At the end of February, Roosevelt sent US Under Secretary of State Sumner Welles to Europe to find out what the Führer was up to, and, after talking with Adolf Hitler and Joachim von Ribbentrop in Berlin and Neville Chamberlain, the Earl of Halifax (UK foreign secretary) and Winston Churchill (First Lord of the Admiralty) in London, he concluded that no one was going to back down. The Führer was demanding that his Western adversaries recognise the territories annexed by Germany and seeking to destroy British military bases in Gibraltar, Malta and Singapore. Germany was aiming for a decisive victory, and there was no way that Britain, the mistress of the seas, was going to allow that to happen.
Regardless of the anti-Soviet rhetoric coming out of the London salons, the British increasingly realised that the USSR was the only Old World country capable of providing them with real help in their fight against Hitler.
Strictly speaking, contacts resumed between Moscow and London exactly a month after World War II began. On 1 October 1939, Winston Churchill made an important statement on the radio regarding the Red Army’s liberation campaign in Western Ukraine and Western Belarus: “That the Russian armies should stand on this line was clearly necessary for the safety of Russia against the Nazi menace. At any rate, the line is there, and an Eastern Front has been created which Nazi Germany does not dare assail.” And, after meeting Maisky, Churchill declared that he was “for war to the end.Hitler must be destroyed. Nazism must be crushed once and for all.” Noting that “the real interests of Britain and the USSR do not collide anywhere”, Churchill expressed the British government’s hope that “Soviet neutrality would be friendly towards Britain”.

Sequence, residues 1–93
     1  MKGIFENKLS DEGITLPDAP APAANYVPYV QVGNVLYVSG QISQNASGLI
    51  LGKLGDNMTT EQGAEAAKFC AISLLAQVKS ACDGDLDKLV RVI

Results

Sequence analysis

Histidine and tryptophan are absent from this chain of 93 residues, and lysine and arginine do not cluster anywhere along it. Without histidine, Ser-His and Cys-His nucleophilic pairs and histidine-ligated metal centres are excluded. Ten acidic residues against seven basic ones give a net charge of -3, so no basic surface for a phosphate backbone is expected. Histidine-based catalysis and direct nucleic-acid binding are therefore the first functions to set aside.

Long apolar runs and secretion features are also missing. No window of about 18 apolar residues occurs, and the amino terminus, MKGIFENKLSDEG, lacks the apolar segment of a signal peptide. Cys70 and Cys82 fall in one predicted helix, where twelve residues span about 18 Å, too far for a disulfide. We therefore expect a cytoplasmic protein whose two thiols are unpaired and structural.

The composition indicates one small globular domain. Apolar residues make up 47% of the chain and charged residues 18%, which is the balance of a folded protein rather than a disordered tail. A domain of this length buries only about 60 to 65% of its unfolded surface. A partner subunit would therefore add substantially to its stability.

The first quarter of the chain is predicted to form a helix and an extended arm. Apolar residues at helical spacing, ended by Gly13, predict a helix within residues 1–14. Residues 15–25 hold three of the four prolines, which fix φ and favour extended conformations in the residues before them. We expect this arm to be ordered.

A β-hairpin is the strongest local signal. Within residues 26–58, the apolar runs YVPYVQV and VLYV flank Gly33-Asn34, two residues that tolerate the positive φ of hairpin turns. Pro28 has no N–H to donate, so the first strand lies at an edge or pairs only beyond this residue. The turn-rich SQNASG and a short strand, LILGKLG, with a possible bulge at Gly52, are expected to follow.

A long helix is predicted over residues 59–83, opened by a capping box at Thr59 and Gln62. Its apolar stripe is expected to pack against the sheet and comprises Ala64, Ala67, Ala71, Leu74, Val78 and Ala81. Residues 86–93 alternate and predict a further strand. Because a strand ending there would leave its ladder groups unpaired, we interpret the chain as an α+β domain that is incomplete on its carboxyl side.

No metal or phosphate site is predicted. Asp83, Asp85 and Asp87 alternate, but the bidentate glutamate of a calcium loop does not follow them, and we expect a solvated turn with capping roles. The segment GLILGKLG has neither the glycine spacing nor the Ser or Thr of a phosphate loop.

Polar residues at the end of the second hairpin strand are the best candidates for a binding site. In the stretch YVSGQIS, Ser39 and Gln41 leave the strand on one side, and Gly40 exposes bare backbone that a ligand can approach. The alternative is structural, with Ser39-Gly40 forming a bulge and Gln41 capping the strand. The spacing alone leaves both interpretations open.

The Soviet–Finnish war impeded the normalisation of Soviet–Anglo relations, but the process resumed when the war ended. Through Ambassador Maisky, Molotov informed London of the following in February 1940: “We consider ridiculous and slanderous not only the assertion, but even the simple suggestion that the USSR had allegedly entered into a military alliance with Germany. […] As the USSR has been neutral, so it will remain neutral, unless of course England and France attack the USSR and compel it to take up arms.”
And everything sped up following France’s military collapse in June 1940 and the defeat of the Anglo–French coalition. Churchill, who had become prime minister on 10 May, rejected Hitler’s proposals for peace talks. The aerial Battle of Britain began…
At a meeting with Stalin, the new British ambassador to the USSR, Stafford Cripps, handed the Soviet leader a message from Churchill dated 24 June 1940 that said Germany was threatening Great Britain as well as the Soviet Union and expressed the desire for “both countries” to restore former ties.
And on 22 October, Cripps offered to sign a secret agreement between Britain and the USSR on behalf of Churchill stating that London recognised the de facto “sovereignty of the USSR in Estonia, Latvia, Lithuania, Bessarabia, northern Bukovina, and those parts of the Polish state now under Soviet rule.” [Emphasis ours – Ed.]
Bearing in mind that the USSR was bound by obligations under the German–Soviet Non-Aggression Pact, Stalin declined Britain’s proposal at that time, but he avoided doing anything that would worsen relations with Britain as a potential ally.
And when Moscow and Washington took steps on both sides to normalise Soviet–US relations in the spring and summer of 1940, the faint outlines of the future anti-Hitler coalition began to emerge…
By Yuriy Rubtsov
Source: Strategic Culture